Showing posts from November, 2011

Simple antennas for the Hawaii Island Amateur Radio Operator, a continuing series

Happy Thanksgiving to all!  I'll return to my diet after I eat the traditional feast of turkey, sweet potatoes, cranberries, assorted vegetable, and some pumpkin dessert.  I walked an extra 2 miles today to compensate for my once a year indulgence.  I know, what I consume will take a marathon run to erase.  I'll try to limit my portions--at least that's the idea anyway.

Among the articles I read over the past few days, were some of the comments from hams living in CC &  R and otherwise restrictive environments.'s antenna forum contains several interesting articles that may prove useful to those of us challenged by our lack of real estate.  One operator whose call escapes me at the moment mentioned his successful use of the MFJ-1622 Apartment Antenna that allows coverage from 40 through 2 meters.  The antenna is described on page 69 of MFJ's 2012 Ham Catalog.  The antenna consists of a sturdy clamp for attachment, a "bug catcher" loading coil…

Simple Antennas for the Hawaii Amateur Radio operator, a continuing series

A loop approach to restrictive antenna conditions.

As I was reading the November 2011 "QST" today, I ran across an interesting antenna idea from Cristian Paun, WV6N.  His article entitled "An Antenna Idea for Antenna Restricted Communities" on page 35 really hit home.  My space restrictions are severe and the antennas I use certainly work (inverted "vees", vertical monopoles, and loops), but they could be better and perhaps even smaller.  Cristian describes a small loop he built and placed in his garden.  Previously, he had been using various mobile antennas between 3.5 and 30 MHz with some degree of success.  He wondered if he could use less space and yet produce results surpasing his best efforts.  Apparently, the small magnetic loop he designed and used proved most useful, with some improvement over the mobile antennas he once used.  Cristian's instructions are fairly simple and the final product is attractive, discrete, and almost sculture-like.  H…

Simple antennas for the Hawaii Island Amateur Radio Operator, a continuing series

East Hawaii begins to dry out

After nearly two weeks of rain, East Hawaii skies are clearing.  Although the island is about 60 percent below normal rainfall, this rainy period seemed longer than it really was.  Most of the days were highlighted with heavy showers, flooding, and occasional lightning.  Evenings were mostly wet with scattered thundershowers and lightning--not really an ideal time to be on the radio.  Despite the heavy rains, the modest antenna "farm" in the back yard escaped damage.  The verticals were nested near ground level on cinder blocks 1-foot high, just enough to escape the run off.  The only antenna pressed into service was the 40-meter under the house loop.  Since the sun was mostly absent during this period of storms, the solar cells didn't do much to charge my batteries.  So, I generally stayed off the air and kept things out of harm's way.  Radio time was spent in maintenance and repair of my aging rigs (Swan 100-MX, Kenwood-520, and the tru…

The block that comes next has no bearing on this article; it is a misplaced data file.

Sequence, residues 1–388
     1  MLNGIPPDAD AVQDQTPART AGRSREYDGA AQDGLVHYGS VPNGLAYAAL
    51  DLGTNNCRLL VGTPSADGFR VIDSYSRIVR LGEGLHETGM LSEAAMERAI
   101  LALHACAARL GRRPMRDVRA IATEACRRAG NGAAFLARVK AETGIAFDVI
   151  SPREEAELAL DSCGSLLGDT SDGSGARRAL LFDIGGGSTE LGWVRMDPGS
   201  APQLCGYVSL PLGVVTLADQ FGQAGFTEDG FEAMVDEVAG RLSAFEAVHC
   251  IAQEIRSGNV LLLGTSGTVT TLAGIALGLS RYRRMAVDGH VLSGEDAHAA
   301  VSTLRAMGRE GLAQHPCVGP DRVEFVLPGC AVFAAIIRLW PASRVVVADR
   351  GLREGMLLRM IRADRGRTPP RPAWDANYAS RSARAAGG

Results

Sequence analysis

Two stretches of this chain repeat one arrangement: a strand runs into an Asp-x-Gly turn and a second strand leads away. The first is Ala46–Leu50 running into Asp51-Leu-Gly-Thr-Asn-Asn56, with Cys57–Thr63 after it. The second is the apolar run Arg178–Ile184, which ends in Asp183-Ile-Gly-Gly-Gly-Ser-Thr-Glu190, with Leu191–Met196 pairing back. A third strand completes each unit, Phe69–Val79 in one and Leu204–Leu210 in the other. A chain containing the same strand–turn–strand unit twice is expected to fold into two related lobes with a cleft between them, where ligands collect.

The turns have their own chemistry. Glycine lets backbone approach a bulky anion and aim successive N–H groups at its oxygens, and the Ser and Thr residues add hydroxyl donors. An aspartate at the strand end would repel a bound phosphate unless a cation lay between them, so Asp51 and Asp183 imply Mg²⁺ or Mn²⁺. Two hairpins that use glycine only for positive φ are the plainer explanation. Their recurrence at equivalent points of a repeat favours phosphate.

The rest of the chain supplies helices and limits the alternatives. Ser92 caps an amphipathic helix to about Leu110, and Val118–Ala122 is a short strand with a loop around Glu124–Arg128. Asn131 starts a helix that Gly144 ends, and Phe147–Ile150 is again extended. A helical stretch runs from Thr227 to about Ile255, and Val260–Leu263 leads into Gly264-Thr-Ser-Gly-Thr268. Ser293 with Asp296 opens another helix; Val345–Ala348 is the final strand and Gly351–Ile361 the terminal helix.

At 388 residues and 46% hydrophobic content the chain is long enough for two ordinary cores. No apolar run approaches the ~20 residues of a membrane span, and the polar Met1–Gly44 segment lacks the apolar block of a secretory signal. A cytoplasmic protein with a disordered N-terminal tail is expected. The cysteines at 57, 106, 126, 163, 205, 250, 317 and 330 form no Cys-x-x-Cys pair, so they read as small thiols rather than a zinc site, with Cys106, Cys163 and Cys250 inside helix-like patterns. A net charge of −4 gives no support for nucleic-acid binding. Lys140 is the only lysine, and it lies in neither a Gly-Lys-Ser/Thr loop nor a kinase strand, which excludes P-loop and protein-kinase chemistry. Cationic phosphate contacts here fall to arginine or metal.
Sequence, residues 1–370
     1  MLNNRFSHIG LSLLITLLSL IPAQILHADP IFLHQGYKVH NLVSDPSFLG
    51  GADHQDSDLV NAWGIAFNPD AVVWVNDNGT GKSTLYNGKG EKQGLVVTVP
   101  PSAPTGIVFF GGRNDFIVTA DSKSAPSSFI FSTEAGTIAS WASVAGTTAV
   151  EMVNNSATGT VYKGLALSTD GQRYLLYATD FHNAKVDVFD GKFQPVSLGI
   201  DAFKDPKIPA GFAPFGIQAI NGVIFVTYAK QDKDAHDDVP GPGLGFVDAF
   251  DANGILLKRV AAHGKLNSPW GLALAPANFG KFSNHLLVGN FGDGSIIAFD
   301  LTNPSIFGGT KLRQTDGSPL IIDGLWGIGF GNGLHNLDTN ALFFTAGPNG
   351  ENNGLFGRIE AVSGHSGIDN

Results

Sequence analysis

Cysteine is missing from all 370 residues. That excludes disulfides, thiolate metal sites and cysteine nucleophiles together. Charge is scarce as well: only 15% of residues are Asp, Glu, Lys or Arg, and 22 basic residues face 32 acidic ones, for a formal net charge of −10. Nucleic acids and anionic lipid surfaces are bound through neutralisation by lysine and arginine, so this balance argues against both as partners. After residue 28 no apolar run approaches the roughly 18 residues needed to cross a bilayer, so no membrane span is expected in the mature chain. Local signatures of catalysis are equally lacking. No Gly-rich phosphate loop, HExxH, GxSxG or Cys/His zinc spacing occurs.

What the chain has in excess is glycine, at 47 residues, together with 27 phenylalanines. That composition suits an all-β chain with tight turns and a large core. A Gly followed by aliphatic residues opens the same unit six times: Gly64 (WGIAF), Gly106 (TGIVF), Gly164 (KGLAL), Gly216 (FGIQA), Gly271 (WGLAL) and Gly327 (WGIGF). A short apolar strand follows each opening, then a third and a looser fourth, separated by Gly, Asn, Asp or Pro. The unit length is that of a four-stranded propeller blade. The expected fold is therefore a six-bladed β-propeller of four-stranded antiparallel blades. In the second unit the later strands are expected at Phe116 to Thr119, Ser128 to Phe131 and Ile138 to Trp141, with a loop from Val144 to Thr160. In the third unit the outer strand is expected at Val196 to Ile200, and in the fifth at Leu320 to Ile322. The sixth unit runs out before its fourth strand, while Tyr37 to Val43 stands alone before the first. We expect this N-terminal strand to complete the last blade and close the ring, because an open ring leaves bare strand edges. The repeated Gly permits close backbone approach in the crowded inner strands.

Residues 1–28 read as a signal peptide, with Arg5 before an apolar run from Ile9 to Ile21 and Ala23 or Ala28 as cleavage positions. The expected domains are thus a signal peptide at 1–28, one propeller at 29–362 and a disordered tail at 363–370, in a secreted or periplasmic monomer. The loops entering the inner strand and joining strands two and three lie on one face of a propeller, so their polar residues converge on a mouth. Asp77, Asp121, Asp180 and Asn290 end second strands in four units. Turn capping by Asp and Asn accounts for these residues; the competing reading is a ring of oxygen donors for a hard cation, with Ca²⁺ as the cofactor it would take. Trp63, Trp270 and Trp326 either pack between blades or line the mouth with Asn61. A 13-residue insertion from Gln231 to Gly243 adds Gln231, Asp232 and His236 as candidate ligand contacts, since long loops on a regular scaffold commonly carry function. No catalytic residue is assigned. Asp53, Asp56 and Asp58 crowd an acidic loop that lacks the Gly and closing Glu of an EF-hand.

Hawaii QRP Club

Hawaii QRP Club meets

After the passage of a few months, the Hawaii QRP club held a meeting with the Hawaii Council of Radio Clubs at the "Back to the 50s Fountain" in Laupahoehoe--my qth.  Since the meeting was only .7 of a mile from the qth, I decided to drop in and talk with the Hawaii Island hams I hadn't been able to see in person because of my former job.  As a newsman, I usually worked seven days a week in Hilo, making direct contact with local amatuers very difficult.  So, once I retired, I vowed to keep a more active schedule with my fellow hams.  The Hawaii QRP Club meets daily at the Hilo Jack In the Box, just outside of Hilo, from 0600-0800 local time.  I won't be able to make most of those meetings, because I'm on standby as a substitute teacher for Laupahoehoe High and Elementary School.  So, it was a great experience to trade tall stories with those I've only contacted on the air.  Since I retired on 30 September, life has become more casual and…

Simple antennas for the Hawaii Amateur Radio Operator, part 15

Antennas--a cautionary tale

While reviewing the latest edition of, I ran across an interesting antenna "classic" by Don, W8AD.  "HF Antenna installation hints", originally published on 12 November 2006, offers many useful installation tips for those of us facing space retrictions, HOA and CC & R problems, and nosey neighbors.  Don provides a review of slopers, dipoles, antic antennas, and site locations for the intrepid radio amateur.  The follow up comments are also worth a read.  Don has written a good, basic primer for those of us a little rusty on the design and limitations of our "antenna farms."

Halloween is past and all of winter lies before us

This Halloween at the qth was wet, windy, and dangerous for those brave enough to do the "trick or treat" routine.  A cold front passed Hawaii Island Monday afternoon bringing several inches of rain, wind gusts of up to 40 knots, and generally dangerous driving conditions.  Many fruit tre…